This is the roof of the grand old Kuala Lumpur railway station, taken from an over pass on the south side. The station was once recognized as one of the masterpieces of British colonial architecture in Malaysia. The style it is built in, popular in the late Victorian era called “Indo-Saracenic”, epitomizes the romantic British notion of what the Far East should be: Moghul “chattris”, or towers, Moorish arches and exotic crenelations, supported by the good solid industry of wrought iron girders and steel rails. It is now somewhat sad and neglected, having been sidelined in importance by the KL Sentral station, a few hundred metres away. It isn’t even serviced by a metro station, and the way to get there is through a complex of utilitarian overhead walkways over a smelly canal.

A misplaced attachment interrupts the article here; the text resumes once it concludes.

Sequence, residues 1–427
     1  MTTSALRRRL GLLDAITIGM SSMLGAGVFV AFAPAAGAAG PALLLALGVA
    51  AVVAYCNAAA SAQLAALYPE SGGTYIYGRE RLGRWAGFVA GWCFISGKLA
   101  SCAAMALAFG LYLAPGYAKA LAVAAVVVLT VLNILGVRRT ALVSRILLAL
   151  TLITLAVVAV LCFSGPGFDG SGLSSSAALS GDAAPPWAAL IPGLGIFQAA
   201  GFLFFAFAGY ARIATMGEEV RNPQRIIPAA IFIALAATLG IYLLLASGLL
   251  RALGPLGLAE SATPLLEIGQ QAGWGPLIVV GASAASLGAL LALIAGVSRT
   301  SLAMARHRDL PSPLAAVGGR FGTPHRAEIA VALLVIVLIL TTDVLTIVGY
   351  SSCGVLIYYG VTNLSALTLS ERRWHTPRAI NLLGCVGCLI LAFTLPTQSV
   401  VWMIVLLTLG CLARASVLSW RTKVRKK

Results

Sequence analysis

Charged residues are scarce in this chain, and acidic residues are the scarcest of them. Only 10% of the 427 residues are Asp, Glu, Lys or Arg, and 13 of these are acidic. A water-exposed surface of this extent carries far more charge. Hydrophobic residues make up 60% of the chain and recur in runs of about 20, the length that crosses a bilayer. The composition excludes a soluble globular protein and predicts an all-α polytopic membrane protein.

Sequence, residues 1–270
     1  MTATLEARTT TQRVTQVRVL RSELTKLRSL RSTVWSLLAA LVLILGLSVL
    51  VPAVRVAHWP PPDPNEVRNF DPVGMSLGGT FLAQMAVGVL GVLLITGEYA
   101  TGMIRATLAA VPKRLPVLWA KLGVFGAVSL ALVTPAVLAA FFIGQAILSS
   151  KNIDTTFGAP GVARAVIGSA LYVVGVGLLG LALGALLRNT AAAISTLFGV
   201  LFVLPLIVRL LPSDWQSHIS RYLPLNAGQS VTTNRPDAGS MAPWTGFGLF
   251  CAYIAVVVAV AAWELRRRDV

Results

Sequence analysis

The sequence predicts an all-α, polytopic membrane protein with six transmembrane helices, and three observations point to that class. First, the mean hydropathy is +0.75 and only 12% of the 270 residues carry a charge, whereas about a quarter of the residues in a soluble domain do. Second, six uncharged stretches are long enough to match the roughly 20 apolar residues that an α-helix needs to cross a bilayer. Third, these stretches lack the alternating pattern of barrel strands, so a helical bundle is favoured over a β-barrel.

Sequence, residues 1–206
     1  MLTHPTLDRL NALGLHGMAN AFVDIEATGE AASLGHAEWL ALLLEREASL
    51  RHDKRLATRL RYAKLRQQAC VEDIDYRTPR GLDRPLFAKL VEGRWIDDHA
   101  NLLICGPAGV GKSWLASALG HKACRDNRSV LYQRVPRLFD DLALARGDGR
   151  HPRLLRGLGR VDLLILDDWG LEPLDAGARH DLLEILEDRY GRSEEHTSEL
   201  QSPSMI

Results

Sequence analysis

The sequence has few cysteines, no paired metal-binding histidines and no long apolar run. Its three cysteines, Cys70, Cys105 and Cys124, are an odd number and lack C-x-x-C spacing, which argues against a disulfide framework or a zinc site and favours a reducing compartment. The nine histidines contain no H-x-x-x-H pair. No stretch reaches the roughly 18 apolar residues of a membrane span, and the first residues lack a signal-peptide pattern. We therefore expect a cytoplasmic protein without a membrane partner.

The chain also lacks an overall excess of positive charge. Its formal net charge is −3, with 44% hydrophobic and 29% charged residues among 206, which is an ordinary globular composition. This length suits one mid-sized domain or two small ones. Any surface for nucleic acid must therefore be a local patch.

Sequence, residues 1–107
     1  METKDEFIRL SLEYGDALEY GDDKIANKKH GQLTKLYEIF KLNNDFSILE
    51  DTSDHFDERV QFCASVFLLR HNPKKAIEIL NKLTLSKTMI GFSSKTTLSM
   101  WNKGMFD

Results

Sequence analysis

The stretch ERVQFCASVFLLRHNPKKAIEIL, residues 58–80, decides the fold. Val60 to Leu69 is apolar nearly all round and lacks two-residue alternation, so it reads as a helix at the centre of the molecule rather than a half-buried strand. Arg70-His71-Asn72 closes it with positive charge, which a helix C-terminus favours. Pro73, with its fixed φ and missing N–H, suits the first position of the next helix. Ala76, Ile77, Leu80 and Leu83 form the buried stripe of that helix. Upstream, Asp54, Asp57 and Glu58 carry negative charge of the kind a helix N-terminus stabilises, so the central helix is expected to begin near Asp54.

Like many of the shots I take in the middle of the day in Asia, I changed this one into monochrome because of the harshness of the light. It is also particularly appropriate for architectural shots. I like it that the old colonial chettris frame the famous Petronas towers in the background, and other high-rise symbols of Malaysia’s “Tiger” economy. The low ceiling of threatening clouds gives a feeling of weight and oppression being unsuccessfully held off by the pointy bits, old and new.